NASA plan to put the first woman on the moon by 2024

Rob Waugh
Contributor
The Apollo 15 mission in 1971. / NASA

The head of NASA has described his plan to put a woman on the moon by 2024 – saying he hopes it will inspire a generation of women.

NASA flew six manned missions to the surface of the moon, beginning with Neil Armstrong and Buzz Aldrin in July 1969, up to Gene Cernan and Jack Schmitt in December 1972.

NASA head Jim Bridenstine described his new crop of astronauts as ‘very diverse’.

The space agency chief was speaking after US President Donald Trump announced an additional $1.6 billion to go towards accelerating the lunar programme.

Speaking at the Humans to Mars Summit in Washington DC, Mr Bridenstein said: ‘I have an 11-year-old daughter and I want her to be able to see herself in the same way that our current very diverse astronaut corps sees itself.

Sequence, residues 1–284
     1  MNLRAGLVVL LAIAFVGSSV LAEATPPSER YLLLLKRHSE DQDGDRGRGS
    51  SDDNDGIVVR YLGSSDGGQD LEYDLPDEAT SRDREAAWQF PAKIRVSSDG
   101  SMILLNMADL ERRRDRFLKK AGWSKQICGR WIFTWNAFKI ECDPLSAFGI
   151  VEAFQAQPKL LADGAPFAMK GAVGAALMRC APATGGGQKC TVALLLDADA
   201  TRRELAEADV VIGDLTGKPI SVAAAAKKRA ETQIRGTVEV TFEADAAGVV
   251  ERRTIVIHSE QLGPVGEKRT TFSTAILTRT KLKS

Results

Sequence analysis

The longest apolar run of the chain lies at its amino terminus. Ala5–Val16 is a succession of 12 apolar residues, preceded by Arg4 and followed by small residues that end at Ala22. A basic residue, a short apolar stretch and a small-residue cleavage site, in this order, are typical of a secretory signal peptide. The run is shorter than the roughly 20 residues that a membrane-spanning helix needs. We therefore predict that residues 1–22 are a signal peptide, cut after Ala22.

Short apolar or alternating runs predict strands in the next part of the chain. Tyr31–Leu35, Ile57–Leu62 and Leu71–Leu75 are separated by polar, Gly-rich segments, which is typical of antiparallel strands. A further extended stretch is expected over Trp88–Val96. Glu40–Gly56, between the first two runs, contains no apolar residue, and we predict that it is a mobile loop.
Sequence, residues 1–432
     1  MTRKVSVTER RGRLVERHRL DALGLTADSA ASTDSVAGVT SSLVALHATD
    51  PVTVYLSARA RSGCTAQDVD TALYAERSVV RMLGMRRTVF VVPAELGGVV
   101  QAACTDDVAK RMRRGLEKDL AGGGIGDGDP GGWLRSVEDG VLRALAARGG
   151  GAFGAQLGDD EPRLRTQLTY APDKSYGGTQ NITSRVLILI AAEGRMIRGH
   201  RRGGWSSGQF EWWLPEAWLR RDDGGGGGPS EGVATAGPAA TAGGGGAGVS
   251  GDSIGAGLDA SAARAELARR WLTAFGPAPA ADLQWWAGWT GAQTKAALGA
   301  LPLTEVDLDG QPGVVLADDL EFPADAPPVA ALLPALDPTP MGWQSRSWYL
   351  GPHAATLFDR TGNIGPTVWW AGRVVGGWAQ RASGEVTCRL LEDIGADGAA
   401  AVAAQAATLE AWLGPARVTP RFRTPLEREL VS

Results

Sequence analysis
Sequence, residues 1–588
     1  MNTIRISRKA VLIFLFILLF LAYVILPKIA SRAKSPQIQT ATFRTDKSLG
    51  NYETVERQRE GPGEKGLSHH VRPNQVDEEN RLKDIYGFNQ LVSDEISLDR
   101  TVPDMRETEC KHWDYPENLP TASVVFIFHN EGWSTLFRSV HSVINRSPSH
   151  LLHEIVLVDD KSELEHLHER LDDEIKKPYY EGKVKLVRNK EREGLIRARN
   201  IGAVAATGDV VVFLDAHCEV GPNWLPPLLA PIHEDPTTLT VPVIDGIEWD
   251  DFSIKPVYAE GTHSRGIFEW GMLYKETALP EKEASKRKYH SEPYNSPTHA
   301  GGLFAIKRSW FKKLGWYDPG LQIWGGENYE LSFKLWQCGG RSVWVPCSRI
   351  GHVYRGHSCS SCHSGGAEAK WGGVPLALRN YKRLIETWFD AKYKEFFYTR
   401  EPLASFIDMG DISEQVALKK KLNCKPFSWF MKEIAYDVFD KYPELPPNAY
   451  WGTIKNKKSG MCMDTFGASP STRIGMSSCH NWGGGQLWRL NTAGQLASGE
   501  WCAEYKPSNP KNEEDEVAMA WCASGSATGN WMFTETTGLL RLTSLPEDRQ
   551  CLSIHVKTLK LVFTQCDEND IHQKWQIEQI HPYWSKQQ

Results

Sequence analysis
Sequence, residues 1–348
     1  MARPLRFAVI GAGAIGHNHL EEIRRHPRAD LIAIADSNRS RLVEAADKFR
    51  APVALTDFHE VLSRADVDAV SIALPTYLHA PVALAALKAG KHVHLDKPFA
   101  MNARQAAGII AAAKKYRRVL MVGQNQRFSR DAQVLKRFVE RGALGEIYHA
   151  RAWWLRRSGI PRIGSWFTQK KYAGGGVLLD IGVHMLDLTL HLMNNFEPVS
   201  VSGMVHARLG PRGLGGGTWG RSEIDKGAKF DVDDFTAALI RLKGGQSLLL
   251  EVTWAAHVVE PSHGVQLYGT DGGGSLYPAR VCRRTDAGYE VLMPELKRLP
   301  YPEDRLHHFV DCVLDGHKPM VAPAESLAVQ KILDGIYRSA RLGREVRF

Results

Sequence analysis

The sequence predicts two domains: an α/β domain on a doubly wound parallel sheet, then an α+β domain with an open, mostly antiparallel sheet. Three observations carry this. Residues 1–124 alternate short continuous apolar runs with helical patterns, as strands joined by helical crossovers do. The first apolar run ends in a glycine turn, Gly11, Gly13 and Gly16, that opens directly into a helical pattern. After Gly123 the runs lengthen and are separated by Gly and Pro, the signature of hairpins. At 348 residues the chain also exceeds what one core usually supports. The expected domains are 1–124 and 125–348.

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‘And if we look at the history of moon landings, it was test pilots from the 1960s and 1970s, fighter pilots, and there were no opportunities for women back then.

‘This programme is going to enable a new generation of young girls like my daughter to see themselves in a way that maybe they wouldn’t otherwise see themselves.’

NASA’s budget includes a new ‘Lunar Gateway’ space station which will orbit the moon by the nimd-2020s, and budget for a manned mission to the moon

NASA administrator Jim Bridenstine said earlier this year, ‘For the first time in over 10 years, we have money in this budget for a return to the Moon with humans.

‘I’m talking human-rated landers, compatible with Gateway, that can go back and forth to the surface of the moon.

‘The moon is the proving ground; Mars is the horizon goal.’